It ends here—Velcoro gunned down, helpless. Half Butch Cassidy, half "Thelma and Louise." Frank Semyon hallucinating as the vultures follow his trail of blood. Ani Bezzerides, dissolving into a crowded Venezuelan street.
In the last episode, unique and spectacular California environments are on display.
We talked once again with Caleb Duffy, the guy who found and managed shooting at many of these neat locations.
Q: Was there a location in filming the second season where you were like, “Damn, I nailed it?”
A: ARTIC down in Anaheim. It’s the new transit center and it’s awesome. It's right between the Honda Center and Anaheim Stadium. It’s brand new -- it opened in December. They’d never had filming in there before and we broke the seal. We were there for three days.
It’s written in the script. It’s actually one of those other locations that was specifically on the pages that we went after, because it’s on paper.
Q: In that last scene, where Velcoro meets his maker -- tell me about how that came together and how you ended up at that location.
A: That’s huge, actually. It’s one of the coolest sequences I’ve ever been a part of. You’re working in an area that has trees that have been on the planet for over 3,000 years. And they’re 20 feet in diameter. Very few areas that have these trees.
Q: How do you not screw up the environment when you’re doing something like that?
A: Lot of specific planning with special effects, with the art department about what we’re gonna do with bullet hits and squibs. A squib is a little electric charge on a surface that you see the bullet hit [and] explode with dust. They’re all connected by wires. You work with the fire department, you work with the park people and operations.
On the pages it’s in the sequoias. And California has a few areas that have the big trees: the redwoods in Big Sur, Central California, south of Fresno, Northern California up by Cascade. We had a team of 18 people, which was enormous for a location department. This guy Clay Valenti, he’s a nature guy. And I said “this is for you.”
Jurisdictionally, you try to find an area that you’re not gonna have to deal with so much red tape. There’s going to be red tape anyway, because we’re blowing s--- up. We’ve got gunfire, we’ve got special effects, we’ve got catering -- we’ve got all the elements that go along with production. You want to be as close as you can to LA. So that takes away San Francisco, because you have to travel everybody. And you’ve got to logically figure out how we’re going to get all the equipment and the big trucks up the mountain.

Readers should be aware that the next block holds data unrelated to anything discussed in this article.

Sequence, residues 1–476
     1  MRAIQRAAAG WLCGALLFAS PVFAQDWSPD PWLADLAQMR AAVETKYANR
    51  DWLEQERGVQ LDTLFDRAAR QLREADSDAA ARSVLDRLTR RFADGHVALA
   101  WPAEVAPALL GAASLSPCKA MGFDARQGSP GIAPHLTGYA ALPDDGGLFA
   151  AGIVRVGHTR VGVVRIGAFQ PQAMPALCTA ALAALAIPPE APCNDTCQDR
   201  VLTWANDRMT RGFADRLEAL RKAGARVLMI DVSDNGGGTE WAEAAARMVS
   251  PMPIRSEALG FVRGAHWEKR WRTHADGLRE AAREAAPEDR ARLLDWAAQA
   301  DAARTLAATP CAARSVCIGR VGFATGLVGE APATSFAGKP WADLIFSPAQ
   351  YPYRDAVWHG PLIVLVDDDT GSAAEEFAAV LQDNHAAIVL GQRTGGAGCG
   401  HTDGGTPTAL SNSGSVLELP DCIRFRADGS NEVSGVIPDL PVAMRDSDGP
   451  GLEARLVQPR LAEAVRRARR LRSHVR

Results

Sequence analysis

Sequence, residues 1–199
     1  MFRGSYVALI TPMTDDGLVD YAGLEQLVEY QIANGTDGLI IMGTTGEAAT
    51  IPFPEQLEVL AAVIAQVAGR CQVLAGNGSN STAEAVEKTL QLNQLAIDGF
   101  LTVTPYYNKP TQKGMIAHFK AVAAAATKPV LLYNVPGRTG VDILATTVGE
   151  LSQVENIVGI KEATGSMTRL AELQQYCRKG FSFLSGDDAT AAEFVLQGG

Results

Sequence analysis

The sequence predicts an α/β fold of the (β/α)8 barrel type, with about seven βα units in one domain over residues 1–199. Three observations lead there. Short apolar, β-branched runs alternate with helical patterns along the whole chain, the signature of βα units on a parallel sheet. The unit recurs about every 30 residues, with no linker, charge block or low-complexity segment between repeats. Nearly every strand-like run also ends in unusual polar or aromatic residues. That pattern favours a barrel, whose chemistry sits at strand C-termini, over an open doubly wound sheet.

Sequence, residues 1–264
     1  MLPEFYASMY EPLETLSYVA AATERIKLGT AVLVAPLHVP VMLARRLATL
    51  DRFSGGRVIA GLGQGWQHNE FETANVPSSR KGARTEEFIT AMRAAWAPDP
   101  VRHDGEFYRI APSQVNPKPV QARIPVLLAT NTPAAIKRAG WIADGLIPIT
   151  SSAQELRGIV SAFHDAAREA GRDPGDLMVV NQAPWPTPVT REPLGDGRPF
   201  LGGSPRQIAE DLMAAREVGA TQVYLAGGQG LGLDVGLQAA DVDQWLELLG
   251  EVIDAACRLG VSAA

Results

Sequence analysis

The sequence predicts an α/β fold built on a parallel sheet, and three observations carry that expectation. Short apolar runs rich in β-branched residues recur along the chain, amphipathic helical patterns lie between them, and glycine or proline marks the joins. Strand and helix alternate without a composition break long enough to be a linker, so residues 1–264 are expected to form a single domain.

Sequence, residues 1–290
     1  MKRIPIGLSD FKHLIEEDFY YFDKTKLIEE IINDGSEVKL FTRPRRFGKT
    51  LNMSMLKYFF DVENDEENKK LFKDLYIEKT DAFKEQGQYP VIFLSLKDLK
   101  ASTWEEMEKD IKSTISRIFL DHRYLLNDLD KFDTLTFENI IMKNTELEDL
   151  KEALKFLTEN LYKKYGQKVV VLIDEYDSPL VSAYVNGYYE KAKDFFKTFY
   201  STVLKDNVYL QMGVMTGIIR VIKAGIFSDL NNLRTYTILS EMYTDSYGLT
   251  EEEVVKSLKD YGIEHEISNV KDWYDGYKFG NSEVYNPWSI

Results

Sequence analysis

Clay started from a smaller circle and started going outside the circle to eventually land in a place called Balch Park.
Q: So tell me about the day of shooting.
A: It was a very windy road. And it was an hour from base camp and the hotels. So we did a pre load-in day where everything was loaded up. The next day for production we started up that hill at 4am. Everyone landed and we went through the sequence for the day. The first sequence was a drone shot in a cathedral of trees where Velcoro dies. That’s where we shot first. And we shot the huge gunfight.
Then, we went back and shot the sequences: chase, foot chase leading up to that demise spot. It was like a playground, it was so cool!
Among the many locals in Balch Park is Dianne Shew. She and her husband Tim run the Balch Park Pack Station, where tourists and campers go on guided horseback treks around the enormous, mountainous wilderness: She’s from Tennessee.
SHEW: I came here because I met my husband on a blind date, and he said, “Well I pack out of Balch Park.” I didn’t know what packing was – that you put things on horses and go out to the backcountry to stay. He said, “You should come visit!” Being adventuresome I came just to visit. Once I saw these mountains and how high they were, and how quiet, with the streams running through them and the wind blowing through the trees and all the deer and how remote they were, I wanted to stay. The first giant sequoia I saw, it looked like something that you would make up in Disneyland. Standing alone, it looks like it just sits on the ground and spreads out its roots - they’re just huge. And they usually have little chipmunks or things running around them with green ferns growing around.
Q: You’ve seen forests in Tennessee, how do those compare?
A: Totally different. I just got back from Tennessee last week, hiking the Appalachian Trail. So there, you have heavy growth. Not a lot of vistas because you can’t see out. The mountains are gorgeous, but lots of directions you look, you can see a road. Here you can go for days and not see anyone.
Q: The character who ends up here, the main character on the show, he’s desperate and needs somewhere to hide out. Would you go here if you had to hide out?
A: It’s totally the place to go. This sounds weird, but we do this thing all the time - and we just did it Sunday - you’re in different places in the forest, and there’ll be bones. It’ll be like a deer bone or a bear bone - but then, you go, “If I were going to do something to someone, I would totally put their body here.” If I wanted to disappear and nobody to find me, I would go to Balch park, because, yes, there’s the campgrounds and stuff, but that’s a very small area of it. The remoteness and the fact that it’s not like Pacific Crest Trail or the Summit Trail where there’s all these really hardcore hikers. These are really just family people, and people that want an outdoor experience. Yeah, you could disappear here and never be found.
Oh, and if you're wondering if the production traveled to Venezuela or Latin America for the last sequence, the answer is no. We watched the finale with Tom Carroll of Tom Explores Los Angeles. He immediately nailed the buildings and streets for LA's Garment District. We'll go looking to see if we can find the block.welcom